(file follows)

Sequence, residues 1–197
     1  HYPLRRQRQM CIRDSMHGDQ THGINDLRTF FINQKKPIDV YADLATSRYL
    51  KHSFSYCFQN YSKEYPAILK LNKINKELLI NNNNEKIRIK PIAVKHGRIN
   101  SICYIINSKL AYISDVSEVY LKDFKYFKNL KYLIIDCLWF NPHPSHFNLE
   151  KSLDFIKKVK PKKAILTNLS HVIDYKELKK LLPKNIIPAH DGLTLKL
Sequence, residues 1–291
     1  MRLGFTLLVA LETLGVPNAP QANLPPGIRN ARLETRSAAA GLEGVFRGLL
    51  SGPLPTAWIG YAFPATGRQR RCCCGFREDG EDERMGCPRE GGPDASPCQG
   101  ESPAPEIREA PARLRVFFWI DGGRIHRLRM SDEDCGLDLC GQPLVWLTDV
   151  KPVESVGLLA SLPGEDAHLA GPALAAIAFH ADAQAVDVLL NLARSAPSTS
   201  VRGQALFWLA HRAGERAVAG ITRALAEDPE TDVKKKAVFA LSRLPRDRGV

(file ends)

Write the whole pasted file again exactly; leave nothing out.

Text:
Sequence, residues 1–197
     1  HYPLRRQRQM CIRDSMHGDQ THGINDLRTF FINQKKPIDV YADLATSRYL
    51  KHSFSYCFQN YSKEYPAILK LNKINKELLI NNNNEKIRIK PIAVKHGRIN
   101  SICYIINSKL AYISDVSEVY LKDFKYFKNL KYLIIDCLWF NPHPSHFNLE
   151  KSLDFIKKVK PKKAILTNLS HVIDYKELKK LLPKNIIPAH DGLTLKL
Sequence, residues 1–291
     1  MRLGFTLLVA LETLGVPNAP QANLPPGIRN ARLETRSAAA GLEGVFRGLL
    51  SGPLPTAWIG YAFPATGRQR RCCCGFREDG EDERMGCPRE GGPDASPCQG
   101  ESPAPEIREA PARLRVFFWI DGGRIHRLRM SDEDCGLDLC GQPLVWLTDV
   151  KPVESVGLLA SLPGEDAHLA GPALAAIAFH ADAQAVDVLL NLARSAPSTS
   201  VRGQALFWLA HRAGERAVAG ITRALAEDPE TDVKKKAVFA LSRLPRDRGV